“Citizen K” – Special [MOVIE REVIEW]
by Neely Swanson
“Citizen K,” the multi-layered documentary by the masterful Alex Gibney (“Going Clear”), focuses its lens on the enigmatic and peripatetic life of Mikhail Khodorkovsky, formerly the richest man and one of the first oligarchs of the “new” Russia under Boris Yeltsin.
Unapologetic in his pursuit of wealth, K (as we will refer to him as Khodorkovsky is just too long and difficult a name for our purposes) made no effort to disguise his greed. As the former Soviet Union began to dissolve in 1991, Yeltsin, reviled by his predecessor Gorbachov, believed in free enterprise and tried to open up the society to Western ideas. Unfortunately, the economy tanked, and chaos, poverty, and greater hardship ensued. In an effort to help out the population, Yeltsin rolled out an obtuse program to give each citizen a “voucher” good for the equivalent of $40 to be used as they saw fit. But the man on the street had no idea what a voucher was, how to cash it in, what to use it for. And this is where a group of educated vultures (some might call them neo-capitalists) came in, the class that would make up the soon-to-be oligarchs.
Recognizing the confusion and ignorance of their fellow Soviets, K and a number of others saw a golden opportunity. They would offer to buy up as many vouchers as possible for a pittance of rubles on the dollar because the average Russian had no idea what the actual value was. In this way K and his cohort amassed a fortune in assets. For K, an astute student of capitalism, he turned those vouchers into a banking empire understanding that he who controls the money, controls society.
But all was still not well in the country. Yeltsin had badly mismanaged affairs of state and salaries went unpaid, pensions went unfunded, and the general population, poorer than before, was clamoring for a return to the old ways – a Communist-led government. Although Yeltsin was a disaster, a return to Communism, where the assets of the oligarchs would be seized by the state, was unthinkable. A deal with the devil was made and the Oligarchs propped up a dying Yeltsin by loaning funds to his government. Yeltsin, who at one point had a 3 percent approval rating, triumphed; the price the oligarchs extracted from him was preordained when the government couldn’t repay the loans. With the default, the oligarchs were able to grab newly privatized businesses and properties.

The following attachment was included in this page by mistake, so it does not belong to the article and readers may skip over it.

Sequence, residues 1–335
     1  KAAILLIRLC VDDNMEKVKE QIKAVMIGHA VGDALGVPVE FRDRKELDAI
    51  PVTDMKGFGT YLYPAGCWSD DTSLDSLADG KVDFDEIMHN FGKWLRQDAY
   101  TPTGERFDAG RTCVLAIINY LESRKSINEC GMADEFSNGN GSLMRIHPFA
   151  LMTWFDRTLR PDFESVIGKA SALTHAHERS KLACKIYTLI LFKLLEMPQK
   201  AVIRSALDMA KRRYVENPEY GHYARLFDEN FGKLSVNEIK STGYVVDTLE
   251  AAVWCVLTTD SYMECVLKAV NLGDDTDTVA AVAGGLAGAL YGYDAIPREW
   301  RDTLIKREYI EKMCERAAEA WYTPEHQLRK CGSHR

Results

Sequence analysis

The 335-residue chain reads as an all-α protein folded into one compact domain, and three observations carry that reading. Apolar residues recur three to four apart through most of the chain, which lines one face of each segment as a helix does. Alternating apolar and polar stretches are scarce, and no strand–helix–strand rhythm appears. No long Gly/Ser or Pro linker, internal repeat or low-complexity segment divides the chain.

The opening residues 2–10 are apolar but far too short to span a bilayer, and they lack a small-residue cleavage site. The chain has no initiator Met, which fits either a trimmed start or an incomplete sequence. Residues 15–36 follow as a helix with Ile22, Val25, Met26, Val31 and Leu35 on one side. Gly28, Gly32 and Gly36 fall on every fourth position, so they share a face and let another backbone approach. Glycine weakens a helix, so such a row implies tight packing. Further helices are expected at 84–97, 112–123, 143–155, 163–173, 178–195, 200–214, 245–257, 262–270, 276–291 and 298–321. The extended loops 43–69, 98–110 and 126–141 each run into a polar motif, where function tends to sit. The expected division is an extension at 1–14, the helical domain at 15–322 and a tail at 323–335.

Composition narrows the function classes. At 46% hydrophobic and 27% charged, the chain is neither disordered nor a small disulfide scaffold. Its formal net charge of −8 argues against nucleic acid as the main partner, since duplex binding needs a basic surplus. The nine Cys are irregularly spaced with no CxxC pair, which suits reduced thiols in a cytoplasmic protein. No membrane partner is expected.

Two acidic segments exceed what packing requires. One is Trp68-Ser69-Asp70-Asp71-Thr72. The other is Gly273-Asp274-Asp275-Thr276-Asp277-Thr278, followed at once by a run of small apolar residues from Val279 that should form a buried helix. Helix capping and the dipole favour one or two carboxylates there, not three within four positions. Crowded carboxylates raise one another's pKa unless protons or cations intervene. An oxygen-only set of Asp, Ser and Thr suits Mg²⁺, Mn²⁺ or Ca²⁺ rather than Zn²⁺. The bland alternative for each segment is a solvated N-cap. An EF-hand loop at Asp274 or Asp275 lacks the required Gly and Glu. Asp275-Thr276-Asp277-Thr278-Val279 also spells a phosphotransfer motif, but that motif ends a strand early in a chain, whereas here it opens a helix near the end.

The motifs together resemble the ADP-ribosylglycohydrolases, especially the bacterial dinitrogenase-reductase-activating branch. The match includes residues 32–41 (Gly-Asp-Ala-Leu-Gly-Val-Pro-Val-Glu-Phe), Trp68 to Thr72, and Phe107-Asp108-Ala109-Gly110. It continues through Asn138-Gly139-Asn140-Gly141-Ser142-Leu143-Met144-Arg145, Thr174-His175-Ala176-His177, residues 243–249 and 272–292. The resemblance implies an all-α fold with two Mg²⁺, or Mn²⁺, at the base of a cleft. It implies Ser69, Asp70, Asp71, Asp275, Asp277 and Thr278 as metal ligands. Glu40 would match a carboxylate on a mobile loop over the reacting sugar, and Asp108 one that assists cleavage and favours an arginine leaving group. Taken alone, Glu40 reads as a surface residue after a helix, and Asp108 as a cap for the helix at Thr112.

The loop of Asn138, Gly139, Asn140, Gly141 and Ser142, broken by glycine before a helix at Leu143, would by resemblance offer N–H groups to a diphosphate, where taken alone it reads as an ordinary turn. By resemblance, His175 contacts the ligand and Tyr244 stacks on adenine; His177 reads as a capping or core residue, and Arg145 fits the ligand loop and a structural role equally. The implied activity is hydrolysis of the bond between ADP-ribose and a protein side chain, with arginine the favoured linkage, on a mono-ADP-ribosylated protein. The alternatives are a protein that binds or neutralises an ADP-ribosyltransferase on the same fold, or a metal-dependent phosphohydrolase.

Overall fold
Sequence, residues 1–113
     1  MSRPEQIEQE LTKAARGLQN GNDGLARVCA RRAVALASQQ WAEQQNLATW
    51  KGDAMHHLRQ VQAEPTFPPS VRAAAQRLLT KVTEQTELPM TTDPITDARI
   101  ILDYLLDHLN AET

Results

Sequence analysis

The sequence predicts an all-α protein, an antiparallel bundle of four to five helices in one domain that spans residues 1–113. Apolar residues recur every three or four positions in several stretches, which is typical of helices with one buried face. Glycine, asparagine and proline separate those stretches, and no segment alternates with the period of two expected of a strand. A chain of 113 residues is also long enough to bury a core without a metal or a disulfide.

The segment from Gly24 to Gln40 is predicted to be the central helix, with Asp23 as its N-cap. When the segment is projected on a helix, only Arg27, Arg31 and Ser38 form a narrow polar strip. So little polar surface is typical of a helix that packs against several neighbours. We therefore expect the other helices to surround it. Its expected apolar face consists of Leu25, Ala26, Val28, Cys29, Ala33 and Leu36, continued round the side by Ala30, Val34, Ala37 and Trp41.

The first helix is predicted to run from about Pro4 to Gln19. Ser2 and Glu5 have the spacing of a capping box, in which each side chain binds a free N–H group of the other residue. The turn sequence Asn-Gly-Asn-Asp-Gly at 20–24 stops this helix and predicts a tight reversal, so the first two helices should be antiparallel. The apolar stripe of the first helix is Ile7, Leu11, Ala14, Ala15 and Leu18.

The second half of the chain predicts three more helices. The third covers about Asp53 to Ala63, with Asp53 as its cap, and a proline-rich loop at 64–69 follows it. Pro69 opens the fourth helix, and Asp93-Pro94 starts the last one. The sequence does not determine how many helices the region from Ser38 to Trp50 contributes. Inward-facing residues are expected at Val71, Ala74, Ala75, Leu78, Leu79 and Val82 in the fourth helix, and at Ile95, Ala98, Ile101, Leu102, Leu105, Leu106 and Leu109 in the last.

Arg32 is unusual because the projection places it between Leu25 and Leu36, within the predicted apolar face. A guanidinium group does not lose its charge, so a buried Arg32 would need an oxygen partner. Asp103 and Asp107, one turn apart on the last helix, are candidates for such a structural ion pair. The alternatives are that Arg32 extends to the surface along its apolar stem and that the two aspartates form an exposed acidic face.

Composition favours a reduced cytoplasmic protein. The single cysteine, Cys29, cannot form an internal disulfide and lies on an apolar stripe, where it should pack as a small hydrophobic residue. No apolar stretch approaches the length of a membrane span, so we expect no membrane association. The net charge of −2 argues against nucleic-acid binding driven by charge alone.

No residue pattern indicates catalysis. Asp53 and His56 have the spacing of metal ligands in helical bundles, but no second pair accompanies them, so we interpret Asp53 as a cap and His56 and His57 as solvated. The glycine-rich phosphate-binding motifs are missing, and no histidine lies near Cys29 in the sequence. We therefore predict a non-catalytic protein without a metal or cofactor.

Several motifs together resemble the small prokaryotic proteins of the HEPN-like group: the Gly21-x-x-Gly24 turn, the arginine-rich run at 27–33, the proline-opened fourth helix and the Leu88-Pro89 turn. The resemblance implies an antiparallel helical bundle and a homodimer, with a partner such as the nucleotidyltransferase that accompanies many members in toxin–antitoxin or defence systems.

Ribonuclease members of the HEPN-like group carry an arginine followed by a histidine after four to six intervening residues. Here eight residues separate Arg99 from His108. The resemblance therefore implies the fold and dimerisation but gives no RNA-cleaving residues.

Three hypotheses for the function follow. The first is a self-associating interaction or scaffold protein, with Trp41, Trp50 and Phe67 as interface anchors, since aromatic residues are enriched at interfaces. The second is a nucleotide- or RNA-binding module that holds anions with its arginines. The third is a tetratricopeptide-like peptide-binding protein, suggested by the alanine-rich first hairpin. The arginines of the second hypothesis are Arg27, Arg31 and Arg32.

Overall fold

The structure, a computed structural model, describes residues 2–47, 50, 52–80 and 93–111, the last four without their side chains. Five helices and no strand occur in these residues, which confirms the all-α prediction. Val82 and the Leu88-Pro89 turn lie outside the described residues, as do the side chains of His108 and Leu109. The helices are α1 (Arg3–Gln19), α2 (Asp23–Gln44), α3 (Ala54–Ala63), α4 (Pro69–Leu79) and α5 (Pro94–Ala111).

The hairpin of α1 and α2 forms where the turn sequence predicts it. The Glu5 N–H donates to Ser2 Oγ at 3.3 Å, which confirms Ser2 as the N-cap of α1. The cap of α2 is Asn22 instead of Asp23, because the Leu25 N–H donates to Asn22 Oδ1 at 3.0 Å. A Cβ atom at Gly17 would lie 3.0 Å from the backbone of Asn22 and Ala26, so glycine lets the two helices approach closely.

K obtained ownership of the state oil enterprise, Yukos. Using Western techniques in employee management and modern equipment, K grew one of the greatest fortunes in the Western world and was the richest man in the new Russia. His partners in “enterprise,” if not quite crime, came up with other important assets, foremost among them the two leading television networks because if you control the media, you control your world. As the laws tried to catch up with the actions, the oligarchs enjoyed seven or eight years of what they called “the wild wild west.”
But then, in 1996, a mid-level former KGB operative (Lieutenant Colonel), former assistant to the mayor of St. Petersburg, emerged in Moscow, embedding himself with Yeltsin, quickly becoming his heir apparent. And when Yeltsin, gravely ill, stepped down in 1999, he appointed his close aide as interim president. With that, we have the extraordinarily well-orchestrated appearance of Vladimir Putin, a man who would brook no public criticism.